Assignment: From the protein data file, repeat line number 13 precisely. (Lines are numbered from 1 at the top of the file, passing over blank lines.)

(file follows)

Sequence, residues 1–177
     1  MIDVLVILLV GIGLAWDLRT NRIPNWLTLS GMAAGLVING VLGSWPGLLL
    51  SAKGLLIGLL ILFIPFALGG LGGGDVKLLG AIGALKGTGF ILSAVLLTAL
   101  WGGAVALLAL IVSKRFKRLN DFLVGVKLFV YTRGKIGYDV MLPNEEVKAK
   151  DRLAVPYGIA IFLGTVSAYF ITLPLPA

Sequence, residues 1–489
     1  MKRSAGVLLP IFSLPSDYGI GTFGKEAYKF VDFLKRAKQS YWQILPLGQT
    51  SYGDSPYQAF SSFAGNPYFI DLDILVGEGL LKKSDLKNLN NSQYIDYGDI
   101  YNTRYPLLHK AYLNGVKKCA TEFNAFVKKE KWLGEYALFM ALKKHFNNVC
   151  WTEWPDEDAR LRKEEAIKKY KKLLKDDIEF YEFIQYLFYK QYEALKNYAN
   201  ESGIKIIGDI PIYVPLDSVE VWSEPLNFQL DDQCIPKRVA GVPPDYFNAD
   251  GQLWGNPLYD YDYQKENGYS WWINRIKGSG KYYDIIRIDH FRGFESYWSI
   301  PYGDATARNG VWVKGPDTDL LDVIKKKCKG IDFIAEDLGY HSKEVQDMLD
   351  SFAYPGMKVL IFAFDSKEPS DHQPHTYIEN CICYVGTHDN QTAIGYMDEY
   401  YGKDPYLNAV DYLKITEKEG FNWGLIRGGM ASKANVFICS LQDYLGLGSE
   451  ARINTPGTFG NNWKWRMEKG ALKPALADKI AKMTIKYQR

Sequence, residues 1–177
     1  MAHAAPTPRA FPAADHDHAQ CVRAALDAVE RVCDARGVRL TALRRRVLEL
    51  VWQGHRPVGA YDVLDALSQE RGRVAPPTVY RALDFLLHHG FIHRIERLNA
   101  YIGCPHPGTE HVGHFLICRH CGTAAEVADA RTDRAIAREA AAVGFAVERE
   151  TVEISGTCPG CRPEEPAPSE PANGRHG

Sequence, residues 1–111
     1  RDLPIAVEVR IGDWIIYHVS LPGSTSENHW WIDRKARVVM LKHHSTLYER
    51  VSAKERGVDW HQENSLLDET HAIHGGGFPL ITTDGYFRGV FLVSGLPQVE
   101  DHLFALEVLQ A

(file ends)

   301  PYGDATARNG VWVKGPDTDL LDVIKKKCKG IDFIAEDLGY HSKEVQDMLD